• Lie down on your backs on a comfortable surface and close your eyes.
  • Next, squeeze every muscle in your bodies as tight as you can. Squeeze hands into fists, curl toes, squish feet, make your arms and legs as stiff as possible and your tummies as hard as rocks.
  • After a few seconds, release all of your muscles and relax for a few minutes.
  • Talk about how your bodies were feeling throughout the exercise.
  • Another alternative is to call out and tighten each body part one at a time.

Buddy breathing

Buddy breathing helps children calm down, focus, relax and pay attention to their bodies.

  • Grab your favorite stuffed animal or another small object
  • Lie down on the floor and place the stuffed animal on your bellies.
  • Breathe together in silence for one minute and notice how your Breathing Buddy moves up and down.
  • Ask your child to imagine their thoughts turning into bubbles and floating away.

Mindful walk

Mindful walks help children connect with the world around them and ground them in a sense of rhythm and time.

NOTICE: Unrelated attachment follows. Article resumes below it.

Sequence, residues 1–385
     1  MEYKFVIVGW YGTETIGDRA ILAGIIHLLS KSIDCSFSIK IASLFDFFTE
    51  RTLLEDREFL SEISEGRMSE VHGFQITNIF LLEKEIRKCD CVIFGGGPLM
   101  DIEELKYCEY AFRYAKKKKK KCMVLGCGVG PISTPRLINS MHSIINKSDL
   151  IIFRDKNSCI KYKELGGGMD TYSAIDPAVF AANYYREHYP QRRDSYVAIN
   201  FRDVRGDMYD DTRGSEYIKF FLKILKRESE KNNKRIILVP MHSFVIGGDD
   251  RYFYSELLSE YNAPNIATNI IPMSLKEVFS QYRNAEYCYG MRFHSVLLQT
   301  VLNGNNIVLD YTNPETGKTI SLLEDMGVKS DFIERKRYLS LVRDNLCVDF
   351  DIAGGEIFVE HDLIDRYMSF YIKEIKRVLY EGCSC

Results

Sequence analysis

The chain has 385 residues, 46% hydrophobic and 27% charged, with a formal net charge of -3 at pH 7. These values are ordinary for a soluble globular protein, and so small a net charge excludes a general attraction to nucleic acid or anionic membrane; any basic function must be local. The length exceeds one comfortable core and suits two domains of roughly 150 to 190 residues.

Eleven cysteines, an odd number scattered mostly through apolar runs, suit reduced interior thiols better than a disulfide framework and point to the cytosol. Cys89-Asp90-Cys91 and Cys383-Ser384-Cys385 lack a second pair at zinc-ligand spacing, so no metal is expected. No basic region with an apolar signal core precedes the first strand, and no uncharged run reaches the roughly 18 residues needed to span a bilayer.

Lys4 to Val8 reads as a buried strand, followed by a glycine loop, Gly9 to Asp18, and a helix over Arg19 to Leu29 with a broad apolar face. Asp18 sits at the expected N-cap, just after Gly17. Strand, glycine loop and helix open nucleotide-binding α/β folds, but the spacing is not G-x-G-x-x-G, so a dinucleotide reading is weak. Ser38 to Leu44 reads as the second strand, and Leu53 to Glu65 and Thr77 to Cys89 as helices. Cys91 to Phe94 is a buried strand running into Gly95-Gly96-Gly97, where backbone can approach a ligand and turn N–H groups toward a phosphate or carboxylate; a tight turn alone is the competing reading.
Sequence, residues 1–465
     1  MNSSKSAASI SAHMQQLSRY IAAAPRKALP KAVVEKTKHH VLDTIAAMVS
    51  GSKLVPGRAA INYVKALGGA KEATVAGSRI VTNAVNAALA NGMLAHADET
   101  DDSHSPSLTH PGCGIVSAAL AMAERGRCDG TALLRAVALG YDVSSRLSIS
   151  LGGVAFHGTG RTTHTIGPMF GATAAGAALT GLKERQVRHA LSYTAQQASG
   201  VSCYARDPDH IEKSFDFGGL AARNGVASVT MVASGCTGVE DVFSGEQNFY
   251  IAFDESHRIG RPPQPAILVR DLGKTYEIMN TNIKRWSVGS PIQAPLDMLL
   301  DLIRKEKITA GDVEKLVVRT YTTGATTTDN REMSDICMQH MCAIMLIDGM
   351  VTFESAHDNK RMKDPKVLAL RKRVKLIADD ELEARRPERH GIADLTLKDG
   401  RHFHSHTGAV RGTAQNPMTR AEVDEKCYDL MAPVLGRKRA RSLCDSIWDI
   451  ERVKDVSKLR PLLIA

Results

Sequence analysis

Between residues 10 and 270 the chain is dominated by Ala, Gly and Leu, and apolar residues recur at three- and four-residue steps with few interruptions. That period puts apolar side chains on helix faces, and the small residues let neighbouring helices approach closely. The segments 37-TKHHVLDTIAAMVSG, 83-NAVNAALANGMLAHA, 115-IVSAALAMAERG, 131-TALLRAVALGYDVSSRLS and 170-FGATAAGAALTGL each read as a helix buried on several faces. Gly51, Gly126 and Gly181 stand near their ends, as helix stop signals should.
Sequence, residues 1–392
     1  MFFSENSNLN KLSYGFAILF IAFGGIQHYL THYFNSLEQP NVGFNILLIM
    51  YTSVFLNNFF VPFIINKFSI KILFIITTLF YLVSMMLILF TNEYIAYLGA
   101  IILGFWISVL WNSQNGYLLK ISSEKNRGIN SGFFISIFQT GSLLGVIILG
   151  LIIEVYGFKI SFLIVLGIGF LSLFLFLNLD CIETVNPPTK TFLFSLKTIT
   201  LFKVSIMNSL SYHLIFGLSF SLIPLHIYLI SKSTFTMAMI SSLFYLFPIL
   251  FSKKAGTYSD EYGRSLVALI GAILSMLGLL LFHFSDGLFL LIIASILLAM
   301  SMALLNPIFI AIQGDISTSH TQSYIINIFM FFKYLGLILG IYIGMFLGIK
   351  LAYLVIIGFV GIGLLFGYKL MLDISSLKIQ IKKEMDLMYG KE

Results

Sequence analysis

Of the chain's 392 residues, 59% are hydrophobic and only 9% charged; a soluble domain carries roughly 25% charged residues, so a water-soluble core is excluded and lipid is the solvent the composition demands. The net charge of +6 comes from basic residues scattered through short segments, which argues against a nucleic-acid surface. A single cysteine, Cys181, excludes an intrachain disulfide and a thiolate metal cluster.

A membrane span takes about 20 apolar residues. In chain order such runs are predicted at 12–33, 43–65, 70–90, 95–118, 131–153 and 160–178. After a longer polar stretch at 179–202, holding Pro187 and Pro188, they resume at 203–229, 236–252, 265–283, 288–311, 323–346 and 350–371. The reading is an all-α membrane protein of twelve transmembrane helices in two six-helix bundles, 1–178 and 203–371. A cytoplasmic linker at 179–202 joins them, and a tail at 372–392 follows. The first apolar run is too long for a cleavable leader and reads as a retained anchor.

• Take a few deep breaths before you begin your walk.
  • Start walking slowly, paying attention to the different movements that go into each step: toes, heels, feet, legs, hands, arms.
  • Every so often, stop and notice one item or sound. Spend a few moments thinking about what you just saw or heard, then continue on your walk, focusing again on each of the movements that go into each step.

Blow bubbles

Help children send their worries and fears away by blowing bubbles.

  • Once you have found a bubble-friendly place to set up, dip the bubble wand into the bubble solution.
  • Take a slow, deep breath in.
  • Now slowly, steadily breathe out, blowing a bubble. As you breathe out, imagine you are also blowing out your worries and fears.

Heartbeat exercise

The heartbeat exercise can help children recognize when they feel anxious.

  • Stand up next to your child.
  • Jump up and down, run in circles, do jumping jacks or a silly dance for one minute.
  • At the end of that minute, sit or lie down, put your hands over your hearts, close your eyes and pay attention to your heartbeat, breathing and anything else you notice about how your bodies feel.